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The Best Albums From July According To PlayGround

A detailed overview of the ten top ranking albums of the month

We go over the ten best albums of July according to PlayGround staff (including one reissue): the stuff that stands out from the rest and which we want to share with you.

Like every month, we organised the material reviewed in the past month and ranked them, according to the preferences of the PlayGround staff. July is over, so here go the ten best LPs (and reissues) of the past thirty-one days.

10. Fay: “Din” (Time No Place)

Fay Davis-Jeffers, singer of post-rock band Pit Er Pat, takes a break and ventures out on her own (or better said, with her drummer), exploring a creative space in which R&B, art-pop and minimalistic experimental music meet. New, different, and sexy.

9. Passion Pit: “Gossamer” (Columbia)

Passion Pit sound more epic and overproduced than usual, but, at the same time, they deliver a set of songs that could mean a breakthrough to the masses, without losing their classic features. Electronic pop to mark this year by.

Review

8. Gatekeeper: “Exo” (Hippos In Tanks)

They have abandoned their tendencies towards EBM and the more grotesque 80s sound, entering fearlessly into early-90s psychedelic techno. The Chicago duo Gatekeeper condense stirred-up techno, bubbling acid, and cyberdelics in their much-anticipated debut LP.

Review

Listen:

7. Beak>: “>>” (Invada Records)

Geoff Barrow reactivates his Kraut-rock machine and delivers a second album that sounds a bit more reverential than 2009's “Beak>”, but also much more inspired, liquid and motorised. A step ahead on the parallel path that goes beyond Portishead.

Review

6. Purity Ring: “Shrines” (4AD)

The duo Purity Ring blends various recent genres – from chillwave to suspenseful pop, and from witch house to lethargic R&B – to come up with a brew that sounds like fresh, cheerful, very modern pop. So modern that we don’t know where it’s headed yet, but for now it is intriguing and interesting.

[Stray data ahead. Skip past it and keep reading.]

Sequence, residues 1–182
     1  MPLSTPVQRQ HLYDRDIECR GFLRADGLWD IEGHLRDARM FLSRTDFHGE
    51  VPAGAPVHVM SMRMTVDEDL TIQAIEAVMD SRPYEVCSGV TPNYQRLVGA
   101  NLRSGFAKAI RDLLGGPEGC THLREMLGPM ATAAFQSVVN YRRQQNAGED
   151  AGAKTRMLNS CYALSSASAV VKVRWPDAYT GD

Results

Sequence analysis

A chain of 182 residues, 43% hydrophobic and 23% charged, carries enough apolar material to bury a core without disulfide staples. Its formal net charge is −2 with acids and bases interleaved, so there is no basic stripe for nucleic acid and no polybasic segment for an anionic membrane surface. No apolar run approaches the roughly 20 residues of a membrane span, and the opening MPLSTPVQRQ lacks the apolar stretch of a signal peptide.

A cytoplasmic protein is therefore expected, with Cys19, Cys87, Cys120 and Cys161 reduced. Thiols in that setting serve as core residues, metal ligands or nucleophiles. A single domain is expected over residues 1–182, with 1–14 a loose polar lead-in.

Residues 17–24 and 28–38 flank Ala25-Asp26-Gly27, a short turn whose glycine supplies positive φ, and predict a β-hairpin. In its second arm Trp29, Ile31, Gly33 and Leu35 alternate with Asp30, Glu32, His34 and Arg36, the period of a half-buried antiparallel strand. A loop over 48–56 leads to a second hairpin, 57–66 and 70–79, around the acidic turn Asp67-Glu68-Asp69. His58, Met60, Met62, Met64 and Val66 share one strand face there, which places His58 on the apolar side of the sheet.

Review

5. Gareth Williams & Mary Currie: “Flaming Tunes” (Blackest Ever Black)

A forgotten title, released on cassette almost 30 years ago, is resurfacing on vinyl, thanks to Blackest Ever Black. What it holds is experimental folk, funeral pop, field recordings, and electro-acoustic ballads. A treasure worth digging up.

Review

4. Nas: “Life Is Good” (Def Jam)

Nas' fans always expect a new “Illmatic”. “Life Is Good” isn't a continuation of that legendary album, but it is the best the rapper has recorded in the last 15 years: a showcase of lyrical talent, soulful beats and love, after his breakup with Kelis.

Review

4. Nas: “Life Is Good” (Def Jam)

Nas' fans always expect a new “Illmatic”. “Life Is Good” isn't a continuation of that legendary album, but it is the best the rapper has recorded in the last 15 years: a showcase of lyrical talent, soulful beats and love, after his breakup with Kelis.

Review

2. Dirty Projectors: “Swing Lo Magellan” (Domino)

After a baroque pop masterpiece, the marvellous “Bitte Orca”, Dirty Projectors come back with a new album that is equally inspired, but ridden of layers and complexities. Arty pop, yes, but freer, tastier, with no strings attached.

Review

1. Frank Ocean: “Channel Orange” (Def Jam)

His first official album (and on a major label) is better than his 2011 mixtape on every level: more mature, more sensual, more honest, perfectly composed, lyrically rich, and exciting from start to finish. Frank Ocean is the cream of present R&B.

Review

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